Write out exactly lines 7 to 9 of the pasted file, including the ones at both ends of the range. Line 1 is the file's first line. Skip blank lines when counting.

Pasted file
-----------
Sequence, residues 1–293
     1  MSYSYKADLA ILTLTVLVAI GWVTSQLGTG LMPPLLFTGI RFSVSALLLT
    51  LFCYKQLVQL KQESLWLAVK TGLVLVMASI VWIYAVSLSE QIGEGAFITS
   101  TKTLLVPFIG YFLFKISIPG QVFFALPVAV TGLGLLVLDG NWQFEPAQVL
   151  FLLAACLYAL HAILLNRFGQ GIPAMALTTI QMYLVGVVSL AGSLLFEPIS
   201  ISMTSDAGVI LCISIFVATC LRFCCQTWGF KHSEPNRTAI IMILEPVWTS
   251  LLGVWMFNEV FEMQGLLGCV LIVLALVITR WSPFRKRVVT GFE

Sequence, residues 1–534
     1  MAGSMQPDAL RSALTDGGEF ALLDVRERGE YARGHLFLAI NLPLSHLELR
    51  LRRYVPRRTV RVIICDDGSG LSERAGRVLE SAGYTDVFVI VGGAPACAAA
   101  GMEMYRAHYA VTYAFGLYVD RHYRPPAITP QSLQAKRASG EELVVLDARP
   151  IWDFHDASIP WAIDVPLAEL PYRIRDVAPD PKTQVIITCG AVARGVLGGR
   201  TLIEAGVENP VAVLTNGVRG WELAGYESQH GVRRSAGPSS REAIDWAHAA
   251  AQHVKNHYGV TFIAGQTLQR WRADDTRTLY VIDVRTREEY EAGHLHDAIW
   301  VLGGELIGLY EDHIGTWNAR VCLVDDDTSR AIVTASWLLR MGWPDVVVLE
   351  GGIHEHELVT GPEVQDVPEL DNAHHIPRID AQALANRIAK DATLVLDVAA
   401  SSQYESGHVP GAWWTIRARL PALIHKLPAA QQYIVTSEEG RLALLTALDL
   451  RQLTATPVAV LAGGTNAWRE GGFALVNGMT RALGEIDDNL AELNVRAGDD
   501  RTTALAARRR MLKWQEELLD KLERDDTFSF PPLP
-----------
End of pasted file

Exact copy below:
   251  LLGVWMFNEV FEMQGLLGCV LIVLALVITR WSPFRKRVVT GFE

Sequence, residues 1–534
     1  MAGSMQPDAL RSALTDGGEF ALLDVRERGE YARGHLFLAI NLPLSHLELR